Finally, as to Clark’s challenge to the punitive damages award, we’re reminded that punitive damages “must bear some relationship to actual damages, but there is no formula by which this ‘relationship’ may be determined.” Since we’ve already found the jury’s compensatory damages award to Hoffmann Innovations excessive, and punitive damages must be tied to compensatory damages, we find the punitive damages award was also excessive. The trial court abused its discretion in finding these damages not excessive….
The court therefore ordered a so-called “remittitur”—the plaintiff could choose to accept a reduced award, or instead have a new trial:
On the damages awarded to Hoffmann Innovations, as described above, the jury appears to have used the wrong measure of damages by accepting almost all of Hoffmann’s proposed damages figure that used lost revenue instead of lost profits. Hoffmann only provided evidence of one client that Hoffmann Innovations lost because of Clark’s defamation, resulting in a loss of about $100,000 in net profits. We thus order a remittitur on the jury’s libel per se award, reducing the $2,060,250 awards against both Clark and RealTuners to $100,000 total, or $50,000 against each. We leave undisturbed the compensatory damages awarded to Hoffmann Innovations against Scott Clark of $27,000 for breach of fiduciary duty, $102,500 for breach of contract, and $250,000 for civil extortion, and the district court’s attorney fee award of $210,743.21.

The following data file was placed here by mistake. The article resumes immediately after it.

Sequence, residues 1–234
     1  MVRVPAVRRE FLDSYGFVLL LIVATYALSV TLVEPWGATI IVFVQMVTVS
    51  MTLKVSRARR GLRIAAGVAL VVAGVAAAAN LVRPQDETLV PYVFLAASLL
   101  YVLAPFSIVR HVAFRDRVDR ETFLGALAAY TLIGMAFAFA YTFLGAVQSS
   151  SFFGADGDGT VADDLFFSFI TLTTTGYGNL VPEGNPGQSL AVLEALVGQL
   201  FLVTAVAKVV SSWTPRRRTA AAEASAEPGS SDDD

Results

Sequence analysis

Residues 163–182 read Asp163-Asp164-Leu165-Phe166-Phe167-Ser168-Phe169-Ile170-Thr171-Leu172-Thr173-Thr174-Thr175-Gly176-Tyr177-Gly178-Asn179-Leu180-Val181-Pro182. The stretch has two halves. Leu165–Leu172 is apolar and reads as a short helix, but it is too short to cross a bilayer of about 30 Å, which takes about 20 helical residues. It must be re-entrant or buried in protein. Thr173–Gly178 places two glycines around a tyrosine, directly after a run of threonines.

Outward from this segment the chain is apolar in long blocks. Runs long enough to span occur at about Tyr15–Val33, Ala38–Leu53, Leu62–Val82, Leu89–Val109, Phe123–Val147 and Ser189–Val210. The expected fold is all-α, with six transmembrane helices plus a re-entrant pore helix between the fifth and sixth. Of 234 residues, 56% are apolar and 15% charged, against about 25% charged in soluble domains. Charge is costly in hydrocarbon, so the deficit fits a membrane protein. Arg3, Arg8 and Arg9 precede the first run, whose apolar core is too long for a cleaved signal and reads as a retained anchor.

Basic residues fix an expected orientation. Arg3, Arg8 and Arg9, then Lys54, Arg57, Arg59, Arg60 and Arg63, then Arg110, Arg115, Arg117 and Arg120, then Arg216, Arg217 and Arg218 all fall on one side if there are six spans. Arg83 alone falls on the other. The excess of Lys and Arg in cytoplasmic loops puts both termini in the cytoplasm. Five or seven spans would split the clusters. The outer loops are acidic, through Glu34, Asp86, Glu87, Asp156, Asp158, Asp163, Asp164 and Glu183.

[The court didn’t modify the $1M awarded in general damages to Hoffmann personally. -EV]
Because we’ve ordered a remittitur on the damages for libel per se for Hoffmann Innovations—a large portion of the damages awarded in this case—remittitur is also appropriate for punitive damages. The jury awarded punitive damages against Clark for $2 million and against RealTuners for $3.5 million. Having now reduced the total compensatory damages from $5,500,000 to $1,479,500—a reduction to 26.9% of the original award—we believe it appropriate to keep the jury’s original ratio of compensatory-to-punitive damages by ordering remittitur of punitive damages by this amount. We therefore order remittitur of punitive damages against Clark personally from $2 million to $538,000 and against RealTuners from $3.5 million to $941,500….
I blogged about the lower court decision last year.